Providing tools and support to families, citizens, and activists to counter our consumerist culture and to create new social norms about how to have a high quality of life and a reduced ecological footprint.
Cell phones rapidly become obsolete, making them a growing contributor to our landfill problem. It's important to recycle your old phone, but solar chargers and environmentally-minded cellular providers can help you chat more sustainably.
Solar Chargers and Headsets
The humble cell phone charger has gone futuristic. You can now wear your environmentalism on your sleeve with a strap-on solar cell charger, or work up a charge at the gym with the kinetic charger. Crank chargers give you a real workout while you repower your devices. Many solar models feature USB plugs so they can be charged either by the sun, or--on cloudy days--by your computer.
Staples and many other office supply stores accept drop offs. All you have to do is plug in your zip code and Earth911 will show you the local drop off centers. Be sure to erase names and numbers in the memory first.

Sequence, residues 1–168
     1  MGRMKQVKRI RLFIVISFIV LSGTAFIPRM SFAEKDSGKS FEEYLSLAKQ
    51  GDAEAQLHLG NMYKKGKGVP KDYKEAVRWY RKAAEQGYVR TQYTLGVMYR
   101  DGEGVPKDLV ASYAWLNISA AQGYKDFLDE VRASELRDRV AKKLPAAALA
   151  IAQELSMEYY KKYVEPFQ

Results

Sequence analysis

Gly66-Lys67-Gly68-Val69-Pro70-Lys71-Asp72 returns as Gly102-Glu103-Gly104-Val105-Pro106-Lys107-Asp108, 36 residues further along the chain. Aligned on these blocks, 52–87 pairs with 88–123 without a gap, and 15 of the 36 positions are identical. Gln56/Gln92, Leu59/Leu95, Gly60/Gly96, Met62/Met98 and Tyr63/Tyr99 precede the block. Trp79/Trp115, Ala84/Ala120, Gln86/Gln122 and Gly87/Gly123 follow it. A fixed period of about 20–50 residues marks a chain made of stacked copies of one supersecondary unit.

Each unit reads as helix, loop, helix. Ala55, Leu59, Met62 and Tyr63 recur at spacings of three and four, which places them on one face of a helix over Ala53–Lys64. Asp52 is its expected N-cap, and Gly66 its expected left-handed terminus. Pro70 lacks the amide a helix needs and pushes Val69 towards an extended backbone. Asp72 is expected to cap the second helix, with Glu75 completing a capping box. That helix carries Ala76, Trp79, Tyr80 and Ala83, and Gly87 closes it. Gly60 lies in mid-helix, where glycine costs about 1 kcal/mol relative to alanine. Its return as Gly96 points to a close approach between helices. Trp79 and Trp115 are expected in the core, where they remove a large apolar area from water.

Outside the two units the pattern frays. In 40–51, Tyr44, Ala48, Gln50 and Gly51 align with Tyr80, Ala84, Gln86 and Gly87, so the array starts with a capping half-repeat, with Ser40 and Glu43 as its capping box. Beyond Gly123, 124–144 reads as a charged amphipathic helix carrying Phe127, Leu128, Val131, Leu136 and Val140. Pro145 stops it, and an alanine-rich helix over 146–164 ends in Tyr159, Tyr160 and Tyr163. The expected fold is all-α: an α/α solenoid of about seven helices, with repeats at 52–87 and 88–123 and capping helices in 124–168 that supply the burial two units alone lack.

Socially Conscious Cellular Providers
Credo Mobile: 1% of charges goes to progressive nonprofits you vote on.
Earth Tones: 100% of its profits go to environmental organizations.
Why It's Important
According to CollectiveGood, “As of 2007, there are more than 750 million mobile phones waiting to be recycled in the US; either in drawers, or already in the waste stream. Another 150+ million or so will be added this year and even more next year. Once in the waste stream, these devices may leak lead, mercury, cadmium, arsenic and other toxic substances into the water supply.” To get an idea of exactly how many cell phones get tossed every year, view the artwork on Chris Jordan's website and look for photos representing all of these toxic little devices retired in the US every day. The visual impact of millions of phones used for a short period of time is unforgettable.
So don’t trash that old phone. Rather than end up leaching into a landfill, your old phone might be refurbished and sold in developing countries or safely stripped for parts while the hazardous waste is properly disposed of. Some recycling programs raise funds for charity, resell phones as alternatives to new ones, or provide phones to the homeless and victims of domestic violence.